things concerning several issues regarding our daily lives. Additionally, 1 Corinthians 3 teaches that
we will be judged on our actions. Simply being elect is no reason for doing nothing.

Isn’t this harsh?


Actually, it is just the opposite. Arminianism often uses the argument that if God elects those that
will believe His message is open to all. While that sounds sympathetic, it has the effect of allowing
man and his actions to take part, but clearly, we are not saved by our actions. Some teach that since
man must come to believe by his choice, then he may also loose salvation. This does not address the
weak, the tempted or those that doubt. Calvinism teaches that by God’s election even the weakest
may be find salvation. Arminianism depends on a person’s strength; Calvinism depends on God’s
strength. Any of us may be elect by Gods good grace and will. Vv. Romans 6:23, Ephesians 2:8.
Through the Holy Spirit, we can stand strong and persevere.

What about free will?


Simply put, we still have free will. We are acting according to our nature. If one does not believe in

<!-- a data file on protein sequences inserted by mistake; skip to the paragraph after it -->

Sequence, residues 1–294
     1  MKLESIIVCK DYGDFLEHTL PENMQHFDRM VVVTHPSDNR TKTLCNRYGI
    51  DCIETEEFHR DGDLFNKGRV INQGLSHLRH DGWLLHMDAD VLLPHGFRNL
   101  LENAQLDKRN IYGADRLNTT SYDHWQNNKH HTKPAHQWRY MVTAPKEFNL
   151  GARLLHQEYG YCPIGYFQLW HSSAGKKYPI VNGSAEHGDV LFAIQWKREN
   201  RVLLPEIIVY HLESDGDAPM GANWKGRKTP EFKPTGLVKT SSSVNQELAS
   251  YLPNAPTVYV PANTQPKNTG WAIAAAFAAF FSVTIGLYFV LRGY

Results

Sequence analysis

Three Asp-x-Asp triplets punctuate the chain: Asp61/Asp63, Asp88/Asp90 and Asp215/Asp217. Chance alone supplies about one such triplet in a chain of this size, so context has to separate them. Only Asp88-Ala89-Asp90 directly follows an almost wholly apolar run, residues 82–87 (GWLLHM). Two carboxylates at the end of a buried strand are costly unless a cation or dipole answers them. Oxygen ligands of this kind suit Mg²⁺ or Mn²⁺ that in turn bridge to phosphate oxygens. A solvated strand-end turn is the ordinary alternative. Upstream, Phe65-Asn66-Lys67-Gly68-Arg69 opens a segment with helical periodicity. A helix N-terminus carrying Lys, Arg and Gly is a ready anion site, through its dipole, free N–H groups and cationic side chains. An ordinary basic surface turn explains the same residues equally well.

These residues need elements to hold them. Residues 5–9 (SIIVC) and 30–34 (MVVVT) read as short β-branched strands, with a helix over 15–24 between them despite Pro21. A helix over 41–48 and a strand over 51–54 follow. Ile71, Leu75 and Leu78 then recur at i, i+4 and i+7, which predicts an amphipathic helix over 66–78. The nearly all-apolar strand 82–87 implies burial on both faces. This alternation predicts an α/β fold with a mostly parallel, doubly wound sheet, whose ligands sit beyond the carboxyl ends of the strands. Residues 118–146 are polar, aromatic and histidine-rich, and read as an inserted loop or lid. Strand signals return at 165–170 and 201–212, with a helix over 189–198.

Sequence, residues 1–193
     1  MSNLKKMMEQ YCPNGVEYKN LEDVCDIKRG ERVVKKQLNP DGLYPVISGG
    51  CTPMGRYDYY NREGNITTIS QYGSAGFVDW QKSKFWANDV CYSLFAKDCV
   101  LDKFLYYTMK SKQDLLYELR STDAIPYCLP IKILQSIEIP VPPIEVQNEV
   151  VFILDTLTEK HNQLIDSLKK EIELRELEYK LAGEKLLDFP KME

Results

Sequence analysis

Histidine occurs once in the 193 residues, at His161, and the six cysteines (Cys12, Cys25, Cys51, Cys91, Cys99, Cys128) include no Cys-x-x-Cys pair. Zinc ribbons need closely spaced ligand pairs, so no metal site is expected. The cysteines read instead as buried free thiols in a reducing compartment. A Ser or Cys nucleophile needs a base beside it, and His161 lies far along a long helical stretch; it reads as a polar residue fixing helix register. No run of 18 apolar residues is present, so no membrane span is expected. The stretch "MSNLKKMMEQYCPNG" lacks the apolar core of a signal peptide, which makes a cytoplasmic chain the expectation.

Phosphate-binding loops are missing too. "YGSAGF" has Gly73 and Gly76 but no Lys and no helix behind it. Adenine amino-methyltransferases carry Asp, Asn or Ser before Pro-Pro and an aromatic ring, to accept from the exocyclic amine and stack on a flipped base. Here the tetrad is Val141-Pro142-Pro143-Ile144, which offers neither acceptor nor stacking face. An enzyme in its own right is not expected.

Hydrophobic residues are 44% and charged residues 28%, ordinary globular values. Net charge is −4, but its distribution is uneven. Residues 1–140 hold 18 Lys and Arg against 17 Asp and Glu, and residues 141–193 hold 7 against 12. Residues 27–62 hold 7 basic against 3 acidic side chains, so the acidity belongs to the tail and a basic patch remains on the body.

God then it is not in their nature to follow the word of God. If one does believe, they will follow
God. All of us have free will. A believer is exercising free will according to their new (regenerate)
nature.

Summary
Man cannot find salvation through any action of his own. God knew us. Finding nothing in man
that deserves mercy, He chose us for His purposes and glory. He did not choose us because we
would believe, rather He chose (elected) us and we were predestined to believe. We do not always
understand or know the reasons why God does things. We do know that it is to praise His glory.
This is according to His will and only by His grace are we saved. This does not stop us from
spreading the word, just the opposite. Additionally, this is not harsh but rather a generous gift from
our God. We will act according to our nature and the will of God.

Notes:
There are several issues not addressed here or covered in depth. Some of these include: free will;
how one comes to believe; the non-elect; the caution of pride or arrogance. Additionally, as I stated
previously do not use this as a basis of faith. Rather, if you choose to use this at all, use this as part
of further research and study.

Resources include:
King James Version of the Holy Bible; New American Standard Version of the Holy Bible; Geneva
Bible Notes; Adam Clarke’s Commentary; Albert Barnes’ New Testament Commentary; 1D.
Thomas’ Lecture #5A on Divine Election; Matthew Henry’s Commentary on the Whole Bible;
Robertson’s New Testament Word Pictures; The Westminster Confession of Faith.